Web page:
In confession there occurs a breakthrough to the cross. The root of all sin is pride, superbia. I want to be for myself; I have a right to be myself, a right to my hatred and my desires, my life and my death. The spirit and flesh of human beings are inflamed by pride, for it is precisely in their wickedness that human beings want to be like God. Confession in the presence of another believer is the most profound kind of humiliation. It hurts, makes one feel small; it deals a terrible blow to one’s pride. To stand there before another Christian as a sinner is an almost unbearable disgrace. By confessing actual sins the old self dies a painful, humiliating death before the eyes of another Christian. Because this humiliation is so difficult, we keep thinking we can avoid confessing to one another. Our eyes are so blinded that they no longer see the promise and the glory of such humiliation. It is none other than Jesus Christ who openly suffered the shameful death of a sinner in our place, who was not ashamed to be crucified for us as an evildoer. And it is nothing else but our community with Jesus Christ that leads us to the disgraceful dying that comes in confession, so that we may truly share in this cross. The cross of Jesus Christ shatters all pride. We cannot find the cross of Jesus if we are afraid of going to the place where Jesus can be found, to the public death of the sinner. And we refuse to carry the cross when we are ashamed to take upon ourselves the shameful death of the sinner in confession. In confession we break through to the genuine community of the cross of Jesus Christ; in confession we affirm our cross. In the profound spiritual and physical pain of humiliation before another believer, which means before God, we experience the cross of Jesus as our deliverance and salvation. The old humanity [Mensch] dies, but God has triumphed over it. Now we share in the resurrection of Christ and eternal life.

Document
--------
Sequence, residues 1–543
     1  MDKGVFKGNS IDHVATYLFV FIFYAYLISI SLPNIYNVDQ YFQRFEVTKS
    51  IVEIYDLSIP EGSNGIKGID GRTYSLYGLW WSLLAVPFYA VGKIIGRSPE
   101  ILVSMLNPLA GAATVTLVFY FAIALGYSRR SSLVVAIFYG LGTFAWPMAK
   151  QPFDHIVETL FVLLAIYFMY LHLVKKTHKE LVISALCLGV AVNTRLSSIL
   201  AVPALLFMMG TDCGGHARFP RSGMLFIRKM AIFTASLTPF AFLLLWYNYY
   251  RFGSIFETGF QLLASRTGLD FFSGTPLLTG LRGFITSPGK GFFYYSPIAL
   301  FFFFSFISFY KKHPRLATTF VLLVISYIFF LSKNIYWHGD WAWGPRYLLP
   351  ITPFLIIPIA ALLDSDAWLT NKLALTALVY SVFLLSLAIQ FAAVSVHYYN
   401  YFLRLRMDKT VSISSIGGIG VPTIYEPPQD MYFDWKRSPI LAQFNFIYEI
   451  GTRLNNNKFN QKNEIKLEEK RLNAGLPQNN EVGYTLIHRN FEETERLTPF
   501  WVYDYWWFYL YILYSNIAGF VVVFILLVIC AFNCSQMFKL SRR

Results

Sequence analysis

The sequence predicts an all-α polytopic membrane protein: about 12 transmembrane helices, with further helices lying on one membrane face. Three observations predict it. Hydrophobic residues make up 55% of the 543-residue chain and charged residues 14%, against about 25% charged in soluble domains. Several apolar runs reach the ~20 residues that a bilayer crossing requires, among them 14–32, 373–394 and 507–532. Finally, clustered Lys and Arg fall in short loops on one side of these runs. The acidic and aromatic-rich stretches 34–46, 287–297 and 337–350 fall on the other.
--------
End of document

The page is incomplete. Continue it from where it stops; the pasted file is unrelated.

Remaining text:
In confession there occurs a breakthrough to new life. The break with the past is made when sin is hated, confessed, and forgiven. “Everything old has passed away.” But where there is a break with sin, there is conversion. Confession is conversion. “Everything has become new” (2 Cor. 5:17). Christ has made a new beginning with us. As the first disciples [die Jünger] left everything behind and followed Jesus’ call, so in confession the Christian gives up everything and follows. Confession is following after [Nachfolge]. Life with Jesus Christ and the community of faith has begun. “No one who conceals transgressions will prosper, but one who confesses and forsakes them will obtain mercy” (Prov. 28:13). In confession, Christians begin to renounce their sins. The power of sin is broken. From now on, the Christian gains one victory after another. What happened to us in baptism is given to us anew in confession. We are delivered from darkness into the rule of Jesus Christ. That is joyful news. Confession is the renewal of the joy of baptism. “Weeping may linger for the night, but joy comes with the morning” (Ps. 30:6).